But just as soon as peace settled in her eyes, the pain was back. The nurse sitting at her side offered her a bite of each helping of food on her tray, and Aunt Evelyn begged her to stop, hating every bit of it. Then, her eyes shifted again, this time into anger. She looked up at June and my mom, perhaps embarrassed, perhaps ashamed, perhaps longing for that woman I pictured sitting by my side in the living room watching reruns of Judge Judy.

“Get out,” she said. It was stern, but calm.

At first.

Then it was meaner. Louder. Fiercer.

“Get out of here!”

On the drive back to June’s we were all quiet, all bearing wounds that we didn’t want to talk about. Knowing what we knew about her health, we knew that could very well be the last time we would see her, and it was hard to swallow that as the last time. But just as I was able to picture her how I knew her, how I’ve known her, not in that bed but in her chair, in her house, in the hundreds of old pictures—some from stories I knew, others from those I might never know—I made a promise to remember her that way too.

On our flight home, my mind flashed with memories of trips we taken to see her. And even though there were hard parts, sad parts, bad parts strewn in, I clutched desperately to the good. To the funny and beautiful and indescribable. I hoped she knew I’d remember those parts most. And I’d visit them as easy as we did our weekend at Brittney’s as we sat across the dinner table from Jim and June. No matter what, I would always hold on to the good parts. Both today, tomorrow, and (if I’m lucky enough) seventy years from now, when I have my own chair in my own living room with a pair of great great nieces sitting by my side watching reruns and making me cookies.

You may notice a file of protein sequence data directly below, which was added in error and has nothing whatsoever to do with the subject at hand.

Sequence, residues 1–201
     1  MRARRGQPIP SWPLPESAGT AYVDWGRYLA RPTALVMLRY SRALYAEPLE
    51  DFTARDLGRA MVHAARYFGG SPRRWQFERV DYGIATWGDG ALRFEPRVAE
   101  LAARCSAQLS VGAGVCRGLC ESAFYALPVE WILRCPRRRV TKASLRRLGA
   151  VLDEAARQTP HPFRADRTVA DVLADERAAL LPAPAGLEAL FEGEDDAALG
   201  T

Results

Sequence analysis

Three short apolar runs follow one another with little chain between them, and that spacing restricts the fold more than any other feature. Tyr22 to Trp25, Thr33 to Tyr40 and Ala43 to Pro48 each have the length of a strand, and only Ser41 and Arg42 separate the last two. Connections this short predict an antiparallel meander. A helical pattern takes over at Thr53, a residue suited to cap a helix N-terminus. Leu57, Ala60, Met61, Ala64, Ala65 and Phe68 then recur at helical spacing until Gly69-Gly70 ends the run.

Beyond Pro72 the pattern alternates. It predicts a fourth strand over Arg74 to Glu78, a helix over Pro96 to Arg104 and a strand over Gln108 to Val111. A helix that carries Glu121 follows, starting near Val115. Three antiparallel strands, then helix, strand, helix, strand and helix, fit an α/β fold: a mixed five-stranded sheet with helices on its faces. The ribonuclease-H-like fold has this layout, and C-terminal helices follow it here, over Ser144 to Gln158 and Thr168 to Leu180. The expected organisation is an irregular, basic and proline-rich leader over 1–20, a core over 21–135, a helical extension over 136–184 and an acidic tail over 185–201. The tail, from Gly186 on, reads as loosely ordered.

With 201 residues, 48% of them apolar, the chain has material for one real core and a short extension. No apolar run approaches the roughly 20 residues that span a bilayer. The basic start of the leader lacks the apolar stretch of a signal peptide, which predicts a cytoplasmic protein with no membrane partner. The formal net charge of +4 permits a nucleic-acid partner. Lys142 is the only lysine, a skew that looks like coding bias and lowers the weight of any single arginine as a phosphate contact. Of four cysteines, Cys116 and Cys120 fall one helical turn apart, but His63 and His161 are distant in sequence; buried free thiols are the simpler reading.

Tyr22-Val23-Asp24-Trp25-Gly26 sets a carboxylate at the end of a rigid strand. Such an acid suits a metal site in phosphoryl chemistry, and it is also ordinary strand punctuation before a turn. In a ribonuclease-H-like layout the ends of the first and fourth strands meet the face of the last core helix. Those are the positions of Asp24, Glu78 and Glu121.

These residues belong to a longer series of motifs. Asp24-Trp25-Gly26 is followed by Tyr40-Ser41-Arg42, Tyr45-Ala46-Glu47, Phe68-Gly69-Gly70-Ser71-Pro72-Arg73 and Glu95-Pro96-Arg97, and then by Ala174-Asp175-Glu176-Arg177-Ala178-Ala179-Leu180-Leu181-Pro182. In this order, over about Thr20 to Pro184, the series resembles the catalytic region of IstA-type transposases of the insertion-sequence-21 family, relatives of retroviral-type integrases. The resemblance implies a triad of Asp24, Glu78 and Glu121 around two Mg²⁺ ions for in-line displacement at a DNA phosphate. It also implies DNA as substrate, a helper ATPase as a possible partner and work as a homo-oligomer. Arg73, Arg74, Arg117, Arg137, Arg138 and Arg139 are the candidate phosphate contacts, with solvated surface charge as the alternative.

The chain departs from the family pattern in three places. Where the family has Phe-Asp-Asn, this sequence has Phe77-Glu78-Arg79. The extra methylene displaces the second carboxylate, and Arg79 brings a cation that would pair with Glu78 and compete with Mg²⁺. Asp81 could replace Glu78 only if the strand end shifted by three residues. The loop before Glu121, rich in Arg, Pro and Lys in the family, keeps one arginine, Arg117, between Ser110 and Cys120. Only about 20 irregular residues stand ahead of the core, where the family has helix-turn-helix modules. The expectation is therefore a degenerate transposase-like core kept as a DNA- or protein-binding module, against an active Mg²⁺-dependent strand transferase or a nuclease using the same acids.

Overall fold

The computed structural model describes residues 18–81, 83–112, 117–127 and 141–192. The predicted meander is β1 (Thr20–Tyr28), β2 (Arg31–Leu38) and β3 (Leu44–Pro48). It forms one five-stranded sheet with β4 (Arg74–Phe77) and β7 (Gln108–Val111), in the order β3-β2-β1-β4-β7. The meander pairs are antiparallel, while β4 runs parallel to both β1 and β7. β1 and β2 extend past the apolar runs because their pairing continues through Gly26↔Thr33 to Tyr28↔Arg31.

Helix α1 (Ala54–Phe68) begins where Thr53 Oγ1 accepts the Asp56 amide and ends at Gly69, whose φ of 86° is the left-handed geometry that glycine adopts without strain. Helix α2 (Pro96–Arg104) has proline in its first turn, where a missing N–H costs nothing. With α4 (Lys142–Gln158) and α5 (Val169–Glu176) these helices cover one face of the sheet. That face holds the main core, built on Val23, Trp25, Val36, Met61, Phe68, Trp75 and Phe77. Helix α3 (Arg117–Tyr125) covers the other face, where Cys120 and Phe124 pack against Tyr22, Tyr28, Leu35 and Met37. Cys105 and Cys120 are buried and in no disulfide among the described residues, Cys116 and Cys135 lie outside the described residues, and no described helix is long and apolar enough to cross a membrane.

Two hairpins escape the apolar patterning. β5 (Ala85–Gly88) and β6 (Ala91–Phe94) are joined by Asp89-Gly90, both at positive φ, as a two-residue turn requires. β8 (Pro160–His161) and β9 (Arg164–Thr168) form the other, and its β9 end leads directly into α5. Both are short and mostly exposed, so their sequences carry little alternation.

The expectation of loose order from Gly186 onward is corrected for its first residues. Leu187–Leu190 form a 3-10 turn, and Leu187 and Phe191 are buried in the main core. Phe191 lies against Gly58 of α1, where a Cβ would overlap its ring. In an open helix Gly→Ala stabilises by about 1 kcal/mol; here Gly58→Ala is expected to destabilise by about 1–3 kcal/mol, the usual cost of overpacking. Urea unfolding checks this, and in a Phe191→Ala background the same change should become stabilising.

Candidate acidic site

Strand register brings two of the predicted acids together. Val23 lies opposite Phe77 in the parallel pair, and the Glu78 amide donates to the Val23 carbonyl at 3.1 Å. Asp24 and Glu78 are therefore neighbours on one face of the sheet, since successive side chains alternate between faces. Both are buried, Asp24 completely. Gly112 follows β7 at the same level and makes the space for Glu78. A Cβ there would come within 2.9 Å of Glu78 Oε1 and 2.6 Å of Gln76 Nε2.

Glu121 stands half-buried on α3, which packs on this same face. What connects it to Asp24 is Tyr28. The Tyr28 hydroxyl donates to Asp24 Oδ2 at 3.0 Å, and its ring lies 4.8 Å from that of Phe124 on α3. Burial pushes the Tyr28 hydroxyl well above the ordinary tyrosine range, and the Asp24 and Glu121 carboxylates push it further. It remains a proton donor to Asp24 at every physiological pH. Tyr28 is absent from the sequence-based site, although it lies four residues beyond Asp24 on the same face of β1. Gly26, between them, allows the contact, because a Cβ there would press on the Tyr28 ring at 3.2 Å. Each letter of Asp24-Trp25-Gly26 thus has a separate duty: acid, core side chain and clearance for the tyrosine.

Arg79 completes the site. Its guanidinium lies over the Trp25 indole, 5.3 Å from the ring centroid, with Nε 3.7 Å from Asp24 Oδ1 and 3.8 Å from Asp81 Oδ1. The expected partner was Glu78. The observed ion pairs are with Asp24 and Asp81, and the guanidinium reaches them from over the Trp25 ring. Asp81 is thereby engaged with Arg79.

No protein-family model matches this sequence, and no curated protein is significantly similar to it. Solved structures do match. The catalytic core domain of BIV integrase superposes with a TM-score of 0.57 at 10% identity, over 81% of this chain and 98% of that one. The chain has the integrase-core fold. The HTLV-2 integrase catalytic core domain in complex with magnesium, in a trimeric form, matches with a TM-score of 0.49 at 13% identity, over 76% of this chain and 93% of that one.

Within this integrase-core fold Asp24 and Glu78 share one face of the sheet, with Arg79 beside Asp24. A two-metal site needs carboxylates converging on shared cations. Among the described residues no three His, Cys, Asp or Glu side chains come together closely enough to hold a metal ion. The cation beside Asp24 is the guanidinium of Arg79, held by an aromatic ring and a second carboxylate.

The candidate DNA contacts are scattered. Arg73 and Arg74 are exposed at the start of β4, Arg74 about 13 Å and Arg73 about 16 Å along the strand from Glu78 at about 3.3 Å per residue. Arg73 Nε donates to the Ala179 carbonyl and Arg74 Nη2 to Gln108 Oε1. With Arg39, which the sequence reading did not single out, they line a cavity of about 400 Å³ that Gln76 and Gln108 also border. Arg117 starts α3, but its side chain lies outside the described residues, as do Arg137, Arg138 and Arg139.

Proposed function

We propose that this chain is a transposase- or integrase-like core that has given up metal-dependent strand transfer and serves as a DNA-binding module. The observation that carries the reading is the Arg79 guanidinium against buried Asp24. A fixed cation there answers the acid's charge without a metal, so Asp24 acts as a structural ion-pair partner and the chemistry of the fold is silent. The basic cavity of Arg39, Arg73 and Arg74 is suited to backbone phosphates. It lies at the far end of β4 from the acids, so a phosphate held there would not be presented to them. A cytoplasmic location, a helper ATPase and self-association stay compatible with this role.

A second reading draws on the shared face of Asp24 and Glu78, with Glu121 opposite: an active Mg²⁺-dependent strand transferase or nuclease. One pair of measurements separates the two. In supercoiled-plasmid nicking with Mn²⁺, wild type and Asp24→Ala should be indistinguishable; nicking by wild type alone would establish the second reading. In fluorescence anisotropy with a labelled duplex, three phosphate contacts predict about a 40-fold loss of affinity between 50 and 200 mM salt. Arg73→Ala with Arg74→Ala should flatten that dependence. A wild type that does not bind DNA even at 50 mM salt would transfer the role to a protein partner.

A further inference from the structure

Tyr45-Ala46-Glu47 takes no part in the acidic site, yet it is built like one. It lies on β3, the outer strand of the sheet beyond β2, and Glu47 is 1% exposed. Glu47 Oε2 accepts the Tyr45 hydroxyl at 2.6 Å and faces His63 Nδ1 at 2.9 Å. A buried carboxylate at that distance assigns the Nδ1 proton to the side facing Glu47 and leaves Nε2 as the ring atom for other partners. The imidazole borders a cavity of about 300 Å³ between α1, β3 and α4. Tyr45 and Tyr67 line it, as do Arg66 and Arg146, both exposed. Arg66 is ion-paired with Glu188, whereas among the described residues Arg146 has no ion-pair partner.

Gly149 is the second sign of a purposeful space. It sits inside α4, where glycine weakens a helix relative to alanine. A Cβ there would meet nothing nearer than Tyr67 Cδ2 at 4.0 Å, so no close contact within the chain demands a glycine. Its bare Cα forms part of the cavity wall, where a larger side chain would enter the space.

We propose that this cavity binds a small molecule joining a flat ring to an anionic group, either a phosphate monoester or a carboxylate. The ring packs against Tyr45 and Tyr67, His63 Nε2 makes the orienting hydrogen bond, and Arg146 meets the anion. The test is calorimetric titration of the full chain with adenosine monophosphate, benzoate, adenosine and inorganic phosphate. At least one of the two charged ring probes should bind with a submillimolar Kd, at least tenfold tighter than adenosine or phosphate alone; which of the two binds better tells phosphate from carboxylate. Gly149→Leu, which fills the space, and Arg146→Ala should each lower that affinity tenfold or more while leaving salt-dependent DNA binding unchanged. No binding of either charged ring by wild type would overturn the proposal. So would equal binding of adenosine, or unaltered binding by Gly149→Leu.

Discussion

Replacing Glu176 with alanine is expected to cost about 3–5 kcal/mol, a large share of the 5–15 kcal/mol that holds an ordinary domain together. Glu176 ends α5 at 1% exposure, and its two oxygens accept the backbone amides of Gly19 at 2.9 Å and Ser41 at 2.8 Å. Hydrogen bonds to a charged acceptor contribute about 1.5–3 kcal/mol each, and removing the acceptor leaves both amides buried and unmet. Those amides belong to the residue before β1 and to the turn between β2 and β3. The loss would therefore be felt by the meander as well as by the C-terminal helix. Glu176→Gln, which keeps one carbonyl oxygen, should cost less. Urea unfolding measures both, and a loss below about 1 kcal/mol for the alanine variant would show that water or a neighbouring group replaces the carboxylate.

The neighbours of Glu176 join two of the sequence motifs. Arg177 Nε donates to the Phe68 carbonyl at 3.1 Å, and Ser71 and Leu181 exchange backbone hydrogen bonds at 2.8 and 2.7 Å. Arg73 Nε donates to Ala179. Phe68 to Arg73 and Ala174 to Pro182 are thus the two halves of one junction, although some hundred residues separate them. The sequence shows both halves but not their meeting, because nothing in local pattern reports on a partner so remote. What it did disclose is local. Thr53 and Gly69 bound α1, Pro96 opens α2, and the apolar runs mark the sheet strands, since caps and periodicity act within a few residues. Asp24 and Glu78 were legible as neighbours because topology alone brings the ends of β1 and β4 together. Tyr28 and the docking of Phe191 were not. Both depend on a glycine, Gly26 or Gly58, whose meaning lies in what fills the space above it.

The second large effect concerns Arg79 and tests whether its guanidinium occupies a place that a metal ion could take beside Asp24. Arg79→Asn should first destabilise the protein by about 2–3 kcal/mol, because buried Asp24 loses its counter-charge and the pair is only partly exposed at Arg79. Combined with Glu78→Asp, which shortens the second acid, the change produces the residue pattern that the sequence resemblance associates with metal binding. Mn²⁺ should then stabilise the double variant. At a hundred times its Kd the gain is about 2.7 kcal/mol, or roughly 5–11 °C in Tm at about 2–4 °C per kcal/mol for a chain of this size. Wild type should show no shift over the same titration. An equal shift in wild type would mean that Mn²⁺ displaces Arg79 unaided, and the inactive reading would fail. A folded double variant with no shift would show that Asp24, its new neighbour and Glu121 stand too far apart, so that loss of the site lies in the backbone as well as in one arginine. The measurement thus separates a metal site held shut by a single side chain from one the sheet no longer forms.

If the Timehop App Knew Too Much

Alongside hitting snooze upwards of three times, my morning routine usually consists of checking the Timehop app on my phone. For those of you unfamiliar, Timehop connects to your social media accounts and tells you what you have posted on that day, however many years ago. In my case, Timehop usually reminds me of bad jokes I’ve made—though to be fair, I usually still laugh at them.

Sometimes when I read through an old status or tweet or Instagram picture, I’m reminded of more than just the post itself. I have flashbacks of the days and moments surrounding the post, getting a little glimpse into where I was when I posted it. This got me thinking: wouldn’t it be something if Timehop somehow tapped into those moments in time, both the good and the bad?

It would probably look something like this:

6 years ago today you said “you too” when the theater ticket taker said, “enjoy the movie.”

4 years ago today you woke up and felt inexplicably different about the relationship you were in.

2 years ago today you spent the entire day on the couch for no reason.

1 year ago today you ate 15 Oreos for breakfast and couldn’t eat anything for the rest of the day.

7 years ago today you fell in surface love with a person you saw on the freeway and spent a solid 10 minutes picturing what your future together would be like.

3 years ago today you looked in the mirror and liked what you saw for the first time in a long time.

5 years ago today you ate expired food from your fridge.

5 seconds ago today you were still wondering if it had any lasting effects.

14 years ago today you saw your favorite movie for the first time.

10 years ago today you made awkward small talk with a person who would become your best friend.

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To be honest, I’m not sure if I’d like a deeper digging Timehop. I like the freedom of being able to block things out here and there. But I suppose the important thing to remember, both about the real Timehop, and the nosy, fictional one I’ve imagined, is that it can remind us of all the moments that have lead us to where we are now, and the ones currently leading us somewhere in the future. Today will be full of those moments, as will tomorrow. They won’t all be easy, but they’ll be necessary to help us get where we’re destined to go.